In his book A Secular Age, Charles Taylor distinguishes between the enchanted and disenchanted worlds. The pre-modern person lived in an enchanted world where meaning was not created but rather found in things themselves—the world was full, sometimes frighteningly full, of meaning. A bone fragment from a saint retained the sanctity and curative power of the saint, rogation days were particularly good days for planting crops and ensured a bountiful harvest, or a procession of the Virgin’s image could drive evil spirits away, for things themselves possessed their own meanings and powers, and persons lived alongside those meanings rather than creating them. Consider the popular beliefs associated with Candlemas in the late medieval period whereby the candles themselves were thought capable of protecting people from storm, sickness, and devil, or, if used by witches, of bringing harm and torment. A culture that believed in such things was likely to have a stance towards the world and its things which assumed that the world was “charged,” full of meaning, and thus to be respected, and sometimes manipulated, according to the understood rules of that world.
Things are quite different for the contemporary, postmodern Western person, occupying a disenchanted world, an uncharged world, where things are thought to mean only according to the meanings we provide to things.
So while on a given day in either 1450 or 2011 a person could alike feel irritated or angry or greedy, still the conditions of belief have changed so substantially between that charged religious world and this disenchanted secular world that the meanings of those stances are quite different. If one was alienated and estranged from the ordering of the universe in 1450, one was alienated, in a very real sense, from the ordering chosen by God; if one is alienated from the universe in 2011, one is alienated from nothing really, just a coldly impersonal set of forces. The historical and social situation has changed the meaning of our possible stances towards the world, and, correspondingly, to the possible meanings of our world.
To be a human is always to face the world with a particular stance and from a particular position. Unlike the dispassionately staring camera, we dwell in the world in a variety of moods and places, changing not just ourselves but our worlds of meaning as we do so. If my stance towards the world is one of eager and passionate interest, I tend to find the world sparkling and captivating. If I rather aggressively seek profit and gain, I tend to find the world and its inhabitants as resources or competitors. If I am bored, the world will fail to engage.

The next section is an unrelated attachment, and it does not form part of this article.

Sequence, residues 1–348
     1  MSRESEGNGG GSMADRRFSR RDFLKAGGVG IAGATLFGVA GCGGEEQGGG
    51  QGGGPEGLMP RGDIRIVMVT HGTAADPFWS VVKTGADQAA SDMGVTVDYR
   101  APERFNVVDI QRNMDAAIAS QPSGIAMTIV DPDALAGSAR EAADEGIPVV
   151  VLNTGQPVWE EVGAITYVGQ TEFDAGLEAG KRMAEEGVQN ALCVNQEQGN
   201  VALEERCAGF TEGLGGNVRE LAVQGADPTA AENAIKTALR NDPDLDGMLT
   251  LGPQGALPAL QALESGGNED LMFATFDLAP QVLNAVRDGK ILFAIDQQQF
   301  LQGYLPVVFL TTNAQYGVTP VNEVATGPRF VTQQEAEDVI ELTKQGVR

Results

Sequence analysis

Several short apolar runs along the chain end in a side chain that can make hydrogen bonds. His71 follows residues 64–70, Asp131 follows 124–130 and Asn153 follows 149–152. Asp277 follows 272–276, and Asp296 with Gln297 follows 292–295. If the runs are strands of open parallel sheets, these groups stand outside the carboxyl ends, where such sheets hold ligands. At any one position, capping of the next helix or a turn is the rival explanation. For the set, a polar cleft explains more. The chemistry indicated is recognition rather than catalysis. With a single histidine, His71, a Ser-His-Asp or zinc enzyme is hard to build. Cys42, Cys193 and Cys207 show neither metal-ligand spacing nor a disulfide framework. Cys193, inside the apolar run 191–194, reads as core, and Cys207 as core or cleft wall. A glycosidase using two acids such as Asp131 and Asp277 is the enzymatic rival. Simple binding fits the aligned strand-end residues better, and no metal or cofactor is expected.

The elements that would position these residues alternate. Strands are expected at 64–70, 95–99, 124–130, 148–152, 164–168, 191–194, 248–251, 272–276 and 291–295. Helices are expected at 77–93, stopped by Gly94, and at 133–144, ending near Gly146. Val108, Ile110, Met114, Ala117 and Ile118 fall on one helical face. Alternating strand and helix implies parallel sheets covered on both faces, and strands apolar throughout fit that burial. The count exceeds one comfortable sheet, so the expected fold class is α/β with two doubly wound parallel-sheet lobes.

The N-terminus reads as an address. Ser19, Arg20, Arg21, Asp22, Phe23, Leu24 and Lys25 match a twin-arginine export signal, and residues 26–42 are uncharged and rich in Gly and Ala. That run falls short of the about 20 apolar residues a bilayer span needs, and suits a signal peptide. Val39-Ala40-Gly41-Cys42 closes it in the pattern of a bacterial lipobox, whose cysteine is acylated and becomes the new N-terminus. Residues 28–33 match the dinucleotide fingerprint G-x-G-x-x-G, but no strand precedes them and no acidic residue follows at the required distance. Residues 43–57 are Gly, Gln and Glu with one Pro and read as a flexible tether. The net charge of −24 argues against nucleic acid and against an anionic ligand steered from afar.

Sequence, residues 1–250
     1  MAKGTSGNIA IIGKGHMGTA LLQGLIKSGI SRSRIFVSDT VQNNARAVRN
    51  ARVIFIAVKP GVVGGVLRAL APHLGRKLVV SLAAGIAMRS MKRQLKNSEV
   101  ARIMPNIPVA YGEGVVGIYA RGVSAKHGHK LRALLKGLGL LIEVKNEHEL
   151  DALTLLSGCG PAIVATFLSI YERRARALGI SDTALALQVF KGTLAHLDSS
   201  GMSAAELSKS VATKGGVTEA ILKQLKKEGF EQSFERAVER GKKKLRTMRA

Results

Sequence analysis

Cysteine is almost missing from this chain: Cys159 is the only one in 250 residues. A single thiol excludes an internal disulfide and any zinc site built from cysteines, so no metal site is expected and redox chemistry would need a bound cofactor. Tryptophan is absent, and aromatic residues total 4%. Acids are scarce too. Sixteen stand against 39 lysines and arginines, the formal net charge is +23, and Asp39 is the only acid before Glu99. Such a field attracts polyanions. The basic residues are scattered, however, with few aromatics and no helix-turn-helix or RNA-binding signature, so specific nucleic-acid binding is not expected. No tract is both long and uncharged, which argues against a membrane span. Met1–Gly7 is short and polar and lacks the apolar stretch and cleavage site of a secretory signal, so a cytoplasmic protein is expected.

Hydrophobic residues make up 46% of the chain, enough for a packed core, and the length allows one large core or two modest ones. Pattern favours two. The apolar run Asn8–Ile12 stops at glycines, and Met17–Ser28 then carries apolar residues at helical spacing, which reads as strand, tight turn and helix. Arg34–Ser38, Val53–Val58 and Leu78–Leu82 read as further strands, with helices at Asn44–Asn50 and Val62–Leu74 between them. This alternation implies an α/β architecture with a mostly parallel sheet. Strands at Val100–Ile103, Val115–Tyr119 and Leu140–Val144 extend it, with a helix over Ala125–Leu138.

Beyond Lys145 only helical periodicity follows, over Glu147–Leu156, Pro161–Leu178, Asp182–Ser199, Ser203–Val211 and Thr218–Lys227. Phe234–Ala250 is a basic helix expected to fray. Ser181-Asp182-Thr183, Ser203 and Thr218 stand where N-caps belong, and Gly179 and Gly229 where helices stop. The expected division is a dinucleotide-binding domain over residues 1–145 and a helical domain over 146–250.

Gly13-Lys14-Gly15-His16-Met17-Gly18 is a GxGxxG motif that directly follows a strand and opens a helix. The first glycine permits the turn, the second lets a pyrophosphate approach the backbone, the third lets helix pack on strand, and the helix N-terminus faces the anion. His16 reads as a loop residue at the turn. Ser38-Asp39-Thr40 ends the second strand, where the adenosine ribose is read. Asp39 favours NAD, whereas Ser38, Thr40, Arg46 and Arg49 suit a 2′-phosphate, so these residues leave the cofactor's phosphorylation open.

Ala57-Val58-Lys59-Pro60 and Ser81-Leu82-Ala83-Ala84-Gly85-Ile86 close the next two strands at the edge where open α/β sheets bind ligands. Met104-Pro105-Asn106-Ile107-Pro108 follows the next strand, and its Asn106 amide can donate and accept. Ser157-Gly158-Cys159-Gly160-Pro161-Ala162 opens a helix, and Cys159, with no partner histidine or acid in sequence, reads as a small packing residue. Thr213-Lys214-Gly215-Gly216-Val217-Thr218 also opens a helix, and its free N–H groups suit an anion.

This is true of each and every person, and since each of us takes a particular stance at a given time, we will not always inhabit similar worlds of meaning—yours is now captivating, mine is now an irritant—even while we may be quite near each other in space and time, perhaps even in the presence of each other. Still, despite the particularity, as social and historical beings we might expect certain tendencies to emerge whereby persons in one cultural space, even when maintaining their own personal differences, share a vision of the world that tends not to be found in other cultural spaces.
I suggest that the stance toward the world most evident in the historical and social space of contemporary Western life is a stance of boredom. Many of us no longer find the world beautiful, or good, or of worth, and since the world and the things of the world are quite worthless in themselves, they bore us. Of course, since we too are inhabitants of this world without worth, we find almost no worth in other persons either, or in ourselves. At the same time, many find this boredom impossible to give up—we like this stance, we like the boredom—because the meaninglessness of the world allows us to treat it and others and ourselves exactly as we wish. We are free! Since the world, for us, does not have the weight of glory, we owe it nothing and can do with it precisely as we wish. But a culture of freedom without truth, a culture where freedom is unchecked by the good of being, ends up as a culture of death. Our bored culture is a culture actively engaging in a revolt against limits, place, order, and we are willing to harm and kill our world, each other—especially the weakest among us—and ourselves in a pique of freedom.
To live in a disenchanted, unencumbered world of freedom intoxicates us, to be sure, but it also casts us adrift existentially, morally, and spiritually. “What are we to do?” “What are we for?” “What is the good life?”—these and other questions are complicated in a culture where freedom itself is a final authority, and freedom that cannot be thickly defined because of the fear that definition would limit, define, and spell an end to freedom. We simply don’t know why we exist, and we hate any answer which might compel us to limit our empty freedom and actually attain the good.
Freedom is for us, now, an idol, and our conception of freedom is so absolute that we increasingly perceive any limits to be illicit and impermissible—I think of the old slogan from 1968, “it is forbidden to forbid.” So absolute are the demands of our new god that even the limits of place, of body, of community, of our own human nature, are thought a trap. Our new freedom, this freedom from dwelling in the density of being, is a prison—a prison of freedom. Flattened and unhooked from reality, our lives can seem arbitrary and insignificant, and only an increasingly shrill insistence of our own significance remains—an insistence bearing no weight. This weightlessness, this unbearable lightness of being, results in the torpor of meaningless, the spiritually enervating results of a life considered not worth having or living.
R. J. Snell is Associate Professor of Philosophy and Director of the Philosophy Program at Eastern University.